CHICAGO — Ronald Merritt was having a bad day when he went to check his mail one afternoon.
Inside the mailbox was a letter to him from the Third Unitarian Church in Austin. Once he opened it, the day dramatically turned around for the 17-year-old senior at Austin Career Academy.
The letter told him he'd been selected for a $1,000 scholarship through a 41-year-old church program.
For Ronald, it was just another piece of the dream that he and his mother shared for him: pursuing a career in performing arts by going to college at Northern Illinois University.
"I opened it, and it said, 'Congratulations,'" Ronald recalled. "My mom wasn't home at the time, I got happy, called mom, and I was like, 'Mom I got it! I got it !' and she was like, 'You got it?!' I was just really excited for it."
Ronald wasn't the only one to receive one of those letters, nor was his reaction of relief and gratitude unique.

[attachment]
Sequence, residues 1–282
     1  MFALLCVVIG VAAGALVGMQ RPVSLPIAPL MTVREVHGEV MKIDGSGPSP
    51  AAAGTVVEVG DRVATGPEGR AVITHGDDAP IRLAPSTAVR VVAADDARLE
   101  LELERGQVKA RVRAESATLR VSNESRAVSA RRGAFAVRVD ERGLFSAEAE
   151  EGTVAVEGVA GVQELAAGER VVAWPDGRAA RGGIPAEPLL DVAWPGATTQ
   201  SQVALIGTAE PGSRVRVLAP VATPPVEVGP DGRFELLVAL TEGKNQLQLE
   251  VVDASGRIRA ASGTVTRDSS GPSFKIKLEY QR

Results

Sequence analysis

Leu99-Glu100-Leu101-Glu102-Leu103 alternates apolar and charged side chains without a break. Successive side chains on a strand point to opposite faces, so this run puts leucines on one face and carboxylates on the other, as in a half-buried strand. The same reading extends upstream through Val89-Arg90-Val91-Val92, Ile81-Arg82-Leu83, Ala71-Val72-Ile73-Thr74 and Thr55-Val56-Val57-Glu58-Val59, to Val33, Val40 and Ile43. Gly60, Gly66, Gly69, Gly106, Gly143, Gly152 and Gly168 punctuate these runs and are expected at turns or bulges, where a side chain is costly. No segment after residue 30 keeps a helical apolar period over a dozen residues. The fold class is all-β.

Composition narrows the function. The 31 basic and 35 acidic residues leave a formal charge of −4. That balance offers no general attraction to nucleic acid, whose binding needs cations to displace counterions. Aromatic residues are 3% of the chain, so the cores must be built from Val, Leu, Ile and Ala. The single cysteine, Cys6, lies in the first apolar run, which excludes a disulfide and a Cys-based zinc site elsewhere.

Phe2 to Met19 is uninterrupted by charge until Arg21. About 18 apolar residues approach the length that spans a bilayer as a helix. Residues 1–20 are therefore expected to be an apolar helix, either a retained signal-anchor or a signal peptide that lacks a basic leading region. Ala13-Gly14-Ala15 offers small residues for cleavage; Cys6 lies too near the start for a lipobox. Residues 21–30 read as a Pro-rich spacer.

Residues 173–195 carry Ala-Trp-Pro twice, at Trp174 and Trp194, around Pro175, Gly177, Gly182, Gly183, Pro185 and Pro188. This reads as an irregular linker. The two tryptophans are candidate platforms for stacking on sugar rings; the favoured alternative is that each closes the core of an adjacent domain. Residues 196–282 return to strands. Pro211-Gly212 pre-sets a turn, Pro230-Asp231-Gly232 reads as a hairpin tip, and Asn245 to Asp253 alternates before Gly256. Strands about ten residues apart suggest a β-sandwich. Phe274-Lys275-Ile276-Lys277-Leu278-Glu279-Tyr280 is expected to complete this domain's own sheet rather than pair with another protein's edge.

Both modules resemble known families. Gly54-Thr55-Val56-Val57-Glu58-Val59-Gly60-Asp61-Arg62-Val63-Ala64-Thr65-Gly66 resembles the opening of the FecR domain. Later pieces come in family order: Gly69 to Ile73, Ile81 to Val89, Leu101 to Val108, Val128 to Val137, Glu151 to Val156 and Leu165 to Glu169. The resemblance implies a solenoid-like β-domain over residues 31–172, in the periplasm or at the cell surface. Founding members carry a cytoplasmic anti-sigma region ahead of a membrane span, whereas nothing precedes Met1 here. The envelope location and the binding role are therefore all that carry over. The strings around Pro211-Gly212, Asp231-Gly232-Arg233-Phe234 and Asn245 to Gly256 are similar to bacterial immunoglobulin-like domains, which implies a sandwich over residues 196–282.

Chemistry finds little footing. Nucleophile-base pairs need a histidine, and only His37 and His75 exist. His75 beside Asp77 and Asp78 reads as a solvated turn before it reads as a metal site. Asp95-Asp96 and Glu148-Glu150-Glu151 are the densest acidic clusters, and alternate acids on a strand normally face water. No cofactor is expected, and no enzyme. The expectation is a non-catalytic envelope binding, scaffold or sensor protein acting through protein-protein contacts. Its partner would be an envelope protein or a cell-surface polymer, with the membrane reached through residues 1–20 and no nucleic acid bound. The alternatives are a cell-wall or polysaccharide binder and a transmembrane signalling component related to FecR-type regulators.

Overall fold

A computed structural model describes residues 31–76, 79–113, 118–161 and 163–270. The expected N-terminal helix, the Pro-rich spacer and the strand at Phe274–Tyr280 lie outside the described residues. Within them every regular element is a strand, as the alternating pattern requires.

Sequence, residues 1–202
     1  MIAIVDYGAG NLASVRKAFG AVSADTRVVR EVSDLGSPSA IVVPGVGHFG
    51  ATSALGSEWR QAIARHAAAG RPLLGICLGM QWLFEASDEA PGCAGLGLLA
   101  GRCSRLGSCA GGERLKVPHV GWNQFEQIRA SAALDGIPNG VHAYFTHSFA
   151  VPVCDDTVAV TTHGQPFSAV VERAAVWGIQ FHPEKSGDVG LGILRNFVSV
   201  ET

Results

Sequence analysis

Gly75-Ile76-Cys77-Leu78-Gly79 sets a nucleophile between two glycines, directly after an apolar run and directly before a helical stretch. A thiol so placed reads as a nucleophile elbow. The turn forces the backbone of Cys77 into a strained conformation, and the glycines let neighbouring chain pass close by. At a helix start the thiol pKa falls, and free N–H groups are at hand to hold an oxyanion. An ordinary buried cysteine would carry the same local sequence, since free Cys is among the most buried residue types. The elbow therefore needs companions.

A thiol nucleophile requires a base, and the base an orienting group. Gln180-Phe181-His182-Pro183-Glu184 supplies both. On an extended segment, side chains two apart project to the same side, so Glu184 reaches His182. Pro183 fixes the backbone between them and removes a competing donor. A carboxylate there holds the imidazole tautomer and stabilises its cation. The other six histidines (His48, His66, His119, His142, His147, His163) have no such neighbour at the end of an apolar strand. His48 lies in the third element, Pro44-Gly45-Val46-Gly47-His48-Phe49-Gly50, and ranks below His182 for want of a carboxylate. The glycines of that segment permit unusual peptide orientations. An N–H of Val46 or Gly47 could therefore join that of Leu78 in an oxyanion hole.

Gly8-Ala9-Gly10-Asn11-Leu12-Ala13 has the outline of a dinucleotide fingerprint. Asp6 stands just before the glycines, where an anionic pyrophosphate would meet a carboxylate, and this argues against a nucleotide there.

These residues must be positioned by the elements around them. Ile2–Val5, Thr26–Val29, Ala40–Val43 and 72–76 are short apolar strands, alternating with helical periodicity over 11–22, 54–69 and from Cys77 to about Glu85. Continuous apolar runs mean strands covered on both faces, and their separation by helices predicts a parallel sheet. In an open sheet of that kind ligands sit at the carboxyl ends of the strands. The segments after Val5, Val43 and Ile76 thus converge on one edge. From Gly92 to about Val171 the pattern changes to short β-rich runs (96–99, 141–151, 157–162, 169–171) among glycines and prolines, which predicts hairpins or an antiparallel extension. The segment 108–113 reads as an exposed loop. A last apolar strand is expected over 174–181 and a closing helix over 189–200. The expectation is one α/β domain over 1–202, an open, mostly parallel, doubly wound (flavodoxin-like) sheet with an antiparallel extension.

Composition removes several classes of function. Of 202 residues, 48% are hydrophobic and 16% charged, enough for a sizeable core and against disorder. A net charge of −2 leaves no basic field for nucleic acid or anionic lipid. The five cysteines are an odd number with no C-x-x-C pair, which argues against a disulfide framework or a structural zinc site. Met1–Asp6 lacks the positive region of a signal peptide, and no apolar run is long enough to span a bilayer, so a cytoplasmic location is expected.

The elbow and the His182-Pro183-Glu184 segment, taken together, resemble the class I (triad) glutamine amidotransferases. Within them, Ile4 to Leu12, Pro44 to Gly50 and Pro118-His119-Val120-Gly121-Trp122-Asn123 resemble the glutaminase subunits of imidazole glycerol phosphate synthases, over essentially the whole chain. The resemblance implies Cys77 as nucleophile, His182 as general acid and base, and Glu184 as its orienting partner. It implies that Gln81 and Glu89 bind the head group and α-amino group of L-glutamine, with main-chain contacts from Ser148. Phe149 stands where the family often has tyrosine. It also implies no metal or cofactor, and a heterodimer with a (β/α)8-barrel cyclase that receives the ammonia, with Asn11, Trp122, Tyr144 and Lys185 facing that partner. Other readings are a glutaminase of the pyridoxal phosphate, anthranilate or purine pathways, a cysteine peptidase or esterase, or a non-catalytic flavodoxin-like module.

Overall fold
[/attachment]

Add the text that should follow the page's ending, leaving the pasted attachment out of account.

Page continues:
Melany Castillo, an 18-year-old senior at Benito Juarez Community Academy, said it was a dreary, rainy Saturday when she, too, went to check her mail.
Waiting inside was a wet envelope with her name stamped on it.
In the days leading up to her letter's arrival, Castillo said her friend and fellow scholarship recipient, Jairo Javier, 17, also a Juarez student, had been calling her asking, "Did it come yet?"
"I called him right away," Castillo said.
These teens are among many to receive good news by mail from Third Unitarian Church, which is holding an awards ceremony Sunday at the church at 301 N. Mayfield Ave. in Austin.
The opportunity would likely have been impossible without the dedicated lifelong efforts of Roberta Wilson
"She is sort of the 'tour de force,' the charismatic personality behind the committee," Jennifer Nordstrom, interim pastor at Third Unitarian, said of Wilson, a longtime congregation member and 39-year chairwoman of the scholarship committee.
Wilson also served nearly 30 years as a Chicago Public Schools teacher's aide.
"I don't know how I got on the committee, I really don't," Wilson said of her tenure. "And I've been out here battlin' ever since."
And this year's scholarship fund — bursting at $30,000 — proves Wilson's not exaggerating when it comes to fundraising.
That means 30 Austin area students, many of them the first in their families to get the aid they need to take the first step in higher education, will receive $1,000 scholarships.
"Helping people is my thing, because somebody helped me to get where I'm at," Wilson explained.